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Old 02-08-2011, 08:56 AM   #161
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But i thought the point of reloading was so you could shoot more rounds for the same over all cost?
Exactly. Plus what Aurelius said. It also frequently allows you to create loads for your personal guns that are considerably superior to any loaded ammo that you can buy commercially.
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Old 02-08-2011, 09:07 AM   #162
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Exactly. Plus what Aurelius said. It also frequently allows you to create loads for your personal guns that are considerably superior to any loaded ammo that you can buy commercially.
This is especially true when it comes to certain pistols that use cartridges developed for rifles, or vice versa. I imagine there are a few people who had to learn the hard way not to use rifle reloading data when using .308 cartridges in their XP-100.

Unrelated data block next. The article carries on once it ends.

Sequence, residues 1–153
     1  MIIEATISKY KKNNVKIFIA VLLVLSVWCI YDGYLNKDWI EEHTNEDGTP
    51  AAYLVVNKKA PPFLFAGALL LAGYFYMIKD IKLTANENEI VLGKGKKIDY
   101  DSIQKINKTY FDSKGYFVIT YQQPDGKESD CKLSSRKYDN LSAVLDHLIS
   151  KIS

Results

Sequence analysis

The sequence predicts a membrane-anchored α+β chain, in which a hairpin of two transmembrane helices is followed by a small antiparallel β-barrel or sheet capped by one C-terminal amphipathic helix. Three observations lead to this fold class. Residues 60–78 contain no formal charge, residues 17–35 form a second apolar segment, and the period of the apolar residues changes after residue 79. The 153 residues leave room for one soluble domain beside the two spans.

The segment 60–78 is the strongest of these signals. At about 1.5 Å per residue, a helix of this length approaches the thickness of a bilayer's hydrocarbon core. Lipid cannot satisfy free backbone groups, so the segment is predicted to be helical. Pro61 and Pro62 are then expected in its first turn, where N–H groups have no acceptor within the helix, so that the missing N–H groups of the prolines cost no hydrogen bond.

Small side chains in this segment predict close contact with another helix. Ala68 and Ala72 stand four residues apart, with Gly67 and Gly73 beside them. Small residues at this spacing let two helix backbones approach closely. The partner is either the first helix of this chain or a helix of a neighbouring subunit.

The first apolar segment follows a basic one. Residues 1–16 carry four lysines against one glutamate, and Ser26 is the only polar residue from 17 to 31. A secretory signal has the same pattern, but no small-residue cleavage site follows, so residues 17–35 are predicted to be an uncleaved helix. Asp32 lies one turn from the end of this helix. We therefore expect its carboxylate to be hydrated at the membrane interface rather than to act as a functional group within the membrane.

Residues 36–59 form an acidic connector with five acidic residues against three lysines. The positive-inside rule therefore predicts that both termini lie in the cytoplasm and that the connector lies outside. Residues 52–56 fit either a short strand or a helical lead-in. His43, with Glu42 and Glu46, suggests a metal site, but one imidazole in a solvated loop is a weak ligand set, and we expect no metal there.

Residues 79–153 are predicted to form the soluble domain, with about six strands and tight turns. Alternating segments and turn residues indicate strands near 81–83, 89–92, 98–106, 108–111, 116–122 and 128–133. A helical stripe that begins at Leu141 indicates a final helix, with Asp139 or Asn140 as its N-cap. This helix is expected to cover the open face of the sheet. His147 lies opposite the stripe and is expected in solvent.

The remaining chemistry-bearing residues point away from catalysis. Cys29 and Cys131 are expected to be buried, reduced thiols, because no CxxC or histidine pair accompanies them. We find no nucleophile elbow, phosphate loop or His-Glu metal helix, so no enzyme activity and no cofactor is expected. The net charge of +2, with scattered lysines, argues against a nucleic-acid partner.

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Old 02-08-2011, 10:53 AM   #163
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Hardcase,

I economise even more. I use one or two powders for handgun loading. I found that shotgun powders like red or green dot will handle most handgun loads from light to medium heavy. I stopped trying to push the velocity bus a long time ago with the .357 or .44 and use medium velocity loads now. A side benefit was that it is harder to miss an overcharge of the shotgun powders than it is with bullseye. Yup bullseye will get you more rounds per pound but it is very very easy to let a double charge slip past with that powder since it takes up so little room in a .38 or even a .45 ACP case.